The journey, Mayweather’s boxing career has been truly remarkable. His record is unblemished. Even his questionable wins are still arguable and as of last Saturday, September 12th, Floyd Mayweather will be recorded in history books with the highest, undefeated, unblemished record of 49 wins. A record he shares with heavyweight great Rocky Marciano. To accomplish this in the modern landscape of boxing requires tremendous skill both in the ring by the fighter and outside by management. Mayweather is undoubtedly a winner and everyone loves a winner, right? Well in Mayweather’s case, not always so.
For many in boxing fandom the moment consideration for sympathy to Mayweather’s public persona dies at the claim “The Best Ever” abbreviated as “TBE”. Makes for excellent branding. Gold-emblazoned letters on caps, t-shirts undoubtedly bring in revenue and require the fighter to keep the persona going. It’s shallow and obvious and few beyond fans invested in this persona would take the claim seriously. But this claim is still the pain point.
In the ring Mayweather was something of a tired master in his latest bouts. Winning rounds more-so with quick dodging and assured body language than with any sustained offense. Always at arms reach, willing to be pressed to the ropes only to spring away and clown his opponent with a confused look to the crowd’s direction. A look as if to say, “my opponent has nothing. I can do this all night” and yet, even with that apparent confidence, no one looks more relieved at the sound of the final bell than Mayweather himself. A common feature of his bouts recently has been to do a victory lap for the last round. In his second pitched battle with Argentine puncher Marcos Maidana, that victory lap lasted the whole twelfth round and was capped off with a noticeable glance towards the fight clock to make sure the round was at a close. Indeed, Mayweather wanted his run to end, and so it has, as he dropped to his knees at the end of what will be his 49th and final bout.
To say his opponent Andre Berto was a “no-hoper” would be stating the obvious. Mayweather’s most definitive wins in recent years have been to opponents who have utterly dominated Berto on their way to fight Mayweather. Berto fights much in the same style as Mayweather, a quality that has assured his position in boxing as gatekeeper to the lucrative Mayweather himself. Despite being over-matched Berto did give a good account of himself in the early rounds. Winning those rounds, despite whatever the incredibly biased commentary would have you believe. Much of it signaling that an attempt break the record of wins against any of the young warlords of the current welterweight landscape may not going according to script. No, in this fan’s belief, the show is over.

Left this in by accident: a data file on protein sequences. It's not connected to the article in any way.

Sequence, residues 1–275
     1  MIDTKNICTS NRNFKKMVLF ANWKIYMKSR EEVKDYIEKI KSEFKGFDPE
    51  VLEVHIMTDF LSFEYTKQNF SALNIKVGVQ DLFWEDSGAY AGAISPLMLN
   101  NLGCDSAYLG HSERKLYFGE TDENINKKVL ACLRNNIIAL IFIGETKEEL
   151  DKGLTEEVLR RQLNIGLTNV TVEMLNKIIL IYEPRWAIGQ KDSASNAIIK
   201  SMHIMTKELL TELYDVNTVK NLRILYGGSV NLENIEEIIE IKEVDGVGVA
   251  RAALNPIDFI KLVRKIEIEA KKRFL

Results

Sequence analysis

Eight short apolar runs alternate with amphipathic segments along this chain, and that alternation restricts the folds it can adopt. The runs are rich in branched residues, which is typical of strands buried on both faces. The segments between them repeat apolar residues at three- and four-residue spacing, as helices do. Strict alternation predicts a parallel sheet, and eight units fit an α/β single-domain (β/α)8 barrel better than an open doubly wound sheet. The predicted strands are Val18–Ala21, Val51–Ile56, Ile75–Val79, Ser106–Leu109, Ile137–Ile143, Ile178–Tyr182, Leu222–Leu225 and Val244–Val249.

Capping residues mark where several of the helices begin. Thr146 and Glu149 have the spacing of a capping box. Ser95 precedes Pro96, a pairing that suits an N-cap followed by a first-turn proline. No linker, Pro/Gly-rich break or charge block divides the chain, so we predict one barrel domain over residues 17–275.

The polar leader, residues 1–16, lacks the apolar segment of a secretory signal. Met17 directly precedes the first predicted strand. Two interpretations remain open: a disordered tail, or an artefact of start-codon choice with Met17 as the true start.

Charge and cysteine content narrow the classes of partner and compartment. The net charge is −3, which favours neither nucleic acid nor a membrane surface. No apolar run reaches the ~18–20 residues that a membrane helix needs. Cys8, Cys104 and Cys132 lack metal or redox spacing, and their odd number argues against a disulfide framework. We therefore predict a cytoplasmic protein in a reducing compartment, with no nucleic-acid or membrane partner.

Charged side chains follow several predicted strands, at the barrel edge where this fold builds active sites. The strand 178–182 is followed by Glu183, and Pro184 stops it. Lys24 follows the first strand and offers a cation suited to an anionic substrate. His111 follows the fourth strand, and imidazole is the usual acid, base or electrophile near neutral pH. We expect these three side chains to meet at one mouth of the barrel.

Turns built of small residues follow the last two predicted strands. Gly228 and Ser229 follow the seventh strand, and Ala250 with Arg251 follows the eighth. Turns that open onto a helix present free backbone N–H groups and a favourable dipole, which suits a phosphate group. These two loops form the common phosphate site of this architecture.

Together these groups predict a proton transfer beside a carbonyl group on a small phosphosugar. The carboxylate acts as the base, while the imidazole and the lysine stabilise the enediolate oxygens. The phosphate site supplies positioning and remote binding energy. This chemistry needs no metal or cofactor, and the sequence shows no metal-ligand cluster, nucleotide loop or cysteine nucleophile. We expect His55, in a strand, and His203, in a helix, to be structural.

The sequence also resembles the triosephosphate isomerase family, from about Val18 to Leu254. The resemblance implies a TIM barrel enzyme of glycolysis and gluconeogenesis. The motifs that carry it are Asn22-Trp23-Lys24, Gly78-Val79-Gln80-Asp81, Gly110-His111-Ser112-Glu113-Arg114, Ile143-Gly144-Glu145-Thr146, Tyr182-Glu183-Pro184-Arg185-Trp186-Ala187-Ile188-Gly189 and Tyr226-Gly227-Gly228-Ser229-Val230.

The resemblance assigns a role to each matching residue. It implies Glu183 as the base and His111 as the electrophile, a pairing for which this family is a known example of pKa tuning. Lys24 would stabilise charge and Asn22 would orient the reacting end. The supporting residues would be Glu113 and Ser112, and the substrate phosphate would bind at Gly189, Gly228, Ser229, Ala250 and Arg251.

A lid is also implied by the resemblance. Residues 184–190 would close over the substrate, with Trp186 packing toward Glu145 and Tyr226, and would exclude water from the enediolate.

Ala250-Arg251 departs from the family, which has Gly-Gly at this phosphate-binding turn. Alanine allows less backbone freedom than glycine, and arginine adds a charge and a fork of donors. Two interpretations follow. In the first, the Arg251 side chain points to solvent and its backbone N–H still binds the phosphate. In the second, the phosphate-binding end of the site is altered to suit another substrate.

What of the void Mayweather leaves behind? One could view this as the best time to bow out. In his own division the top young fighters like Danny Garcia and Keith Thurman are coming into their own. Contender Errol Spence, Mayweather’s anointed, just stamped another victory in the same weekend. Just south of welterweight, Terrance Crawford is gaining attention. The Middleweight division will be full of action soon with Saul “Canelo” Alvarez and Miguel Cotto going to battle next month and Gennady “Tripple G” Golovkin sets to continue his Tyson-like knockout run as he squares up against Canada’s own David Lemieux. Fans of the big boys at heavyweight have american titlist Deontay Wilder and Olympic Gold medalist Anthony Joshua to look to. Both tearing through the division in what fans will hope lead to an eventual showdown for undisputed status.
Even Mayweather’s historic record may not last long. Flyweight champion Roman “Chocolatito” Gonzalez is currently unblemished at 43 wins and is still a youthful 28 years of age. For comparison Mayweather is a decade older. The potential for a breakout star is there and it is primed to breakout soon. Much like Mayweather’s record the time is perfect. Out with the old and in with the new. Let the next era begin.